Organotrifluoroborate Salts

Organotrifluoroborate Salts

Overall Score4.5
  • Generality
  • Reagent Availability
  • Experimental User Friendliness
  • General Characteristics

Organotrifluoroborate salts (R-BF3) are stable towards heat, air, and moisture, and are convenient crystalline reagents.

Because of the tetra-coordinated borate structure, these reagents are not Lewis acidic and are stable under oxidative conditions. They can be regarded as protected forms of boronic acids and boronic acid esters.

These reagents undergo solvolysis in protic solvents to expose tri-coordinated boron species, which can be used for reactions such as the Suzuki-Miyaura coupling. Because they always exist as monomers unlike boronic acids, precise control of stoichiometry is easier.

  • General References

  • Chambers, R. D.; Clark, H. C.; Willis, C. J. J. Am. Chem. Soc. 1960, 82, 5298. DOI: 10.1021/ja01505a007
  • Vedejs, E.; Chapman, R. W.; Fields, S. C.; Lin, S.; Schrimpf, M. R. J. Org. Chem. 1995, 60, 3020. DOI: 10.1021/jo00115a016
  • Vedejs, E.; Fields, S. C.; Hayashi, R.; Hitchcock, S. R.; Powell, D. R.; Schrimpf, M. R. J. Am. Chem. Soc. 1999121, 2460. DOI: 10.1021/ja983555r
  • Darses, S.; Michaud, G.; Genet, J.-P. Eur. J. Org. Chem. 1999, 1875. [abstract]
  • Churches, Q. I.; Hooper, J. F.; Hutton, C. A. J. Org. Chem. 2015, 80, 5428. DOI: 10.1021/acs.joc.5b00182


  • Reaction Mechanism

Despite the tetracoordinated “ate” structure, the strong electronegativity of fluorines make trifluoroborates weak nucleophiles and less reactive in transmetalation.

When used in the Suzuki-Miyaura coupling, it is considered that trifluoroborates are first hydrolyzed to boronic acids and the latter are the actual reactive species. Since the reactive species are slowly released into the system, side reactions such as homo-dimerization tend to be suppressed. (Ref: Angew. Chem. Int. Ed. 2010, 49, 5156.)

  • Examples

Tetraalkylammonium borate salts are more soluble in nonpolar organic solvents.[1]


An application to the coupling of unprotected peptides.[2]


The selection of a right solvent enabled the chemoselective Heck reaction of vinyl trifluoroborate, which was followed by the Suzuki coupling.[3]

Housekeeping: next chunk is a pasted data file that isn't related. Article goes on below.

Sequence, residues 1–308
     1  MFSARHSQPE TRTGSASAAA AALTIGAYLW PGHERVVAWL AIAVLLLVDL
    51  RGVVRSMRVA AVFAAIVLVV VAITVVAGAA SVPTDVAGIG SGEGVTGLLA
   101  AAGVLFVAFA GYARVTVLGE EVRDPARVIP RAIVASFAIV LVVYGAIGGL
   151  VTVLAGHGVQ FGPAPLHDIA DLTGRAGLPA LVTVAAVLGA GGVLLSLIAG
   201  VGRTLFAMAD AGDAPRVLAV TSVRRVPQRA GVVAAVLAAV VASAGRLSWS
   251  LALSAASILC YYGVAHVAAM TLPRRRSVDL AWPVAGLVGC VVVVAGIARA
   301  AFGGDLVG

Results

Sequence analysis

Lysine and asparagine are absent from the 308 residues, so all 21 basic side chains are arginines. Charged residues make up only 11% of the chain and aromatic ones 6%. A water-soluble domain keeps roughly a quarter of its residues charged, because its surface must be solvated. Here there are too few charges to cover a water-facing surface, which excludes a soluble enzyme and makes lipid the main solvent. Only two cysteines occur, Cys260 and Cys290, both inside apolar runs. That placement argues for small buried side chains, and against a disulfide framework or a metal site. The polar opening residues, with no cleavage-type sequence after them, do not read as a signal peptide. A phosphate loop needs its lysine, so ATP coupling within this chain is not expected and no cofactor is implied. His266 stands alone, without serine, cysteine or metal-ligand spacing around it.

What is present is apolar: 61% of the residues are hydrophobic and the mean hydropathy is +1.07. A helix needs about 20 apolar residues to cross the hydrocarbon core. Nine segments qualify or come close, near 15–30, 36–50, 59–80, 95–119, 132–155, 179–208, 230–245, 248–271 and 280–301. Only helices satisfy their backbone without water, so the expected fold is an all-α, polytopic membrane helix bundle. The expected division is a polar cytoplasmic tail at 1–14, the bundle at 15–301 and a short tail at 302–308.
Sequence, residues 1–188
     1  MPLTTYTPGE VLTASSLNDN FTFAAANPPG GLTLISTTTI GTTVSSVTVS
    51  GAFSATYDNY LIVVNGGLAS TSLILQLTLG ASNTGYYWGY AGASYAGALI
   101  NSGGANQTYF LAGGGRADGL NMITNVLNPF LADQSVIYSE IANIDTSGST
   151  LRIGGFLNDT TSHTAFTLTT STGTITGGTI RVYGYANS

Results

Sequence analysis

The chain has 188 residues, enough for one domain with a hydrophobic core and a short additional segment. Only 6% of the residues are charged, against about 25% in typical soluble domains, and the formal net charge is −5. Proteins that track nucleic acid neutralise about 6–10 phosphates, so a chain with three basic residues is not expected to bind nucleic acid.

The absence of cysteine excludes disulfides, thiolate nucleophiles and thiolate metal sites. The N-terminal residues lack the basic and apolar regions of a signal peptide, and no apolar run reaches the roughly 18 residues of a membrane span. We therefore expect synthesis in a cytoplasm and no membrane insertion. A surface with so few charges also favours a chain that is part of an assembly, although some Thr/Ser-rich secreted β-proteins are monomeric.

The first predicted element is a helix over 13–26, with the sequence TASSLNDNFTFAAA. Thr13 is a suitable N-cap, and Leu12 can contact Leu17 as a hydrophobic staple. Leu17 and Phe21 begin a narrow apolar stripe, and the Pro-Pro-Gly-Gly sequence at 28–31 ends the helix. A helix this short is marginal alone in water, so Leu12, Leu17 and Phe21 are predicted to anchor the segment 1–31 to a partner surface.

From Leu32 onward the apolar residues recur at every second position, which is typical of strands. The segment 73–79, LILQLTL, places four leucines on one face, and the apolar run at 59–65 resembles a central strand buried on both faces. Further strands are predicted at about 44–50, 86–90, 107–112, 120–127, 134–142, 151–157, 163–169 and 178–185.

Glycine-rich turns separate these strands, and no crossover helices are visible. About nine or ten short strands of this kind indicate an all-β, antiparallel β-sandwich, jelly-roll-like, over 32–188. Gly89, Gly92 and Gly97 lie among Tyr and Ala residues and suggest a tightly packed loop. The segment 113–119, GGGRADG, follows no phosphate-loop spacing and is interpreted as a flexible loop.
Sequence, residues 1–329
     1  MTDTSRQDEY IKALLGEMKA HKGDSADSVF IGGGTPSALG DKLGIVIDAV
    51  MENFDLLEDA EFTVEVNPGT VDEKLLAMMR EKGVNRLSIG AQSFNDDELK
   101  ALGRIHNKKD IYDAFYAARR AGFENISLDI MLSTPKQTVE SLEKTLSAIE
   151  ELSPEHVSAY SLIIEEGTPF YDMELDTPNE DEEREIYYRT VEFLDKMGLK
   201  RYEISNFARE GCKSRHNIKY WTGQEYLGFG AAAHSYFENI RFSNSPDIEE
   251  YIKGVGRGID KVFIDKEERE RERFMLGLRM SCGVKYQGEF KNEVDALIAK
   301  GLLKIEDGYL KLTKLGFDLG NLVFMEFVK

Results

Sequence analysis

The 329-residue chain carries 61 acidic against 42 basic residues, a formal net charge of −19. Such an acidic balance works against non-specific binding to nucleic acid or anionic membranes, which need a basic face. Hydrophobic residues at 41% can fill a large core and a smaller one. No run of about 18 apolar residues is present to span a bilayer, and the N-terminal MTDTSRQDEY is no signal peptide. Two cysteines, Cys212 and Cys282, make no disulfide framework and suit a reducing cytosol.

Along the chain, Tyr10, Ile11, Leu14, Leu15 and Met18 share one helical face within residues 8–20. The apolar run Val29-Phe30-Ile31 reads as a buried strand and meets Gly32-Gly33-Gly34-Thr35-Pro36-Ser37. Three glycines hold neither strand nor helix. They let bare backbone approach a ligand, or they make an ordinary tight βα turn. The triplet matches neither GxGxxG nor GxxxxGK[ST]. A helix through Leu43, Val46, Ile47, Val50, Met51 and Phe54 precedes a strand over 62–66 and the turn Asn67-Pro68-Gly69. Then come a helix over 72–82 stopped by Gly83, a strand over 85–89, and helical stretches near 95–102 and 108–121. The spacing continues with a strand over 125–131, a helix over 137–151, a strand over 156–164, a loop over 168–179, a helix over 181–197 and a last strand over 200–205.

The concise synthesis of (+)-frondosin B[4]: The asymmetric conjugate addition using the MacMillan catalyst[5] was the key step.


An example of trifluoromethylation using a visible light redox catalyst system.[6]


  • Experimental Procedure

Preparation of organotrifluoroborate salts.[7]


Phenylboronic acid (20 g, ca. 169 mmol) was dissolved in 50 mL of methanol. Excess saturated KHF2 (125 mL, ca. 4.5 M solution, ca. 563 mmol) was added slowly with vigorous stirring. After 15 min, the precipitated product was collected and washed with cold methanol. Recrystallization from minimal acetonitrile produced 25.5 g (138 mmol, 82%) of pure potassium phenyltrifluoroborate.

  • Experimental Tips

  • References

  1. Batey, R. A.; Quach, T. D. Tetrahedron Lett. 200142, 9099. doi:10.1016/S0040-4039(01)01983-9
  2. (a) Noda, H.; Eros, G.; Bode, J. W. J. Am. Chem. Soc. 2014, 136, 5611. DOI: 10.1021/ja5018442
  3. Molander, G.A.; Sandrock, D. L. Org. Lett. 200911, 2369. DOI: 10.1021/ol900822j
  4. Reiter, M.; Torssell, S.; Lee, S.; MacMillan D. W. C. Chem. Sci. 2010, 1, 37. DOI: 10.1039/c0sc00204f
  5. Lee, S.; MacMillan, D. W. C. J. Am. Chem. Soc. 2007129, 15438. DOI: 10.1021/ja0767480
  6. Yasu, Y.; Koike, T.; Akita, M. Chem. Commun. 201349, 2037. DOI: 10.1039/C3CC39235J
  7. Vedejs, E.; Chapman, R. W.; Fields, S. C.; Lin, S.; Schrimpf, M. R. J. Org. Chem. 1995, 60, 3020. DOI: 10.1021/jo00115a016
  • Related Reactions

  • Related Books

  • External Links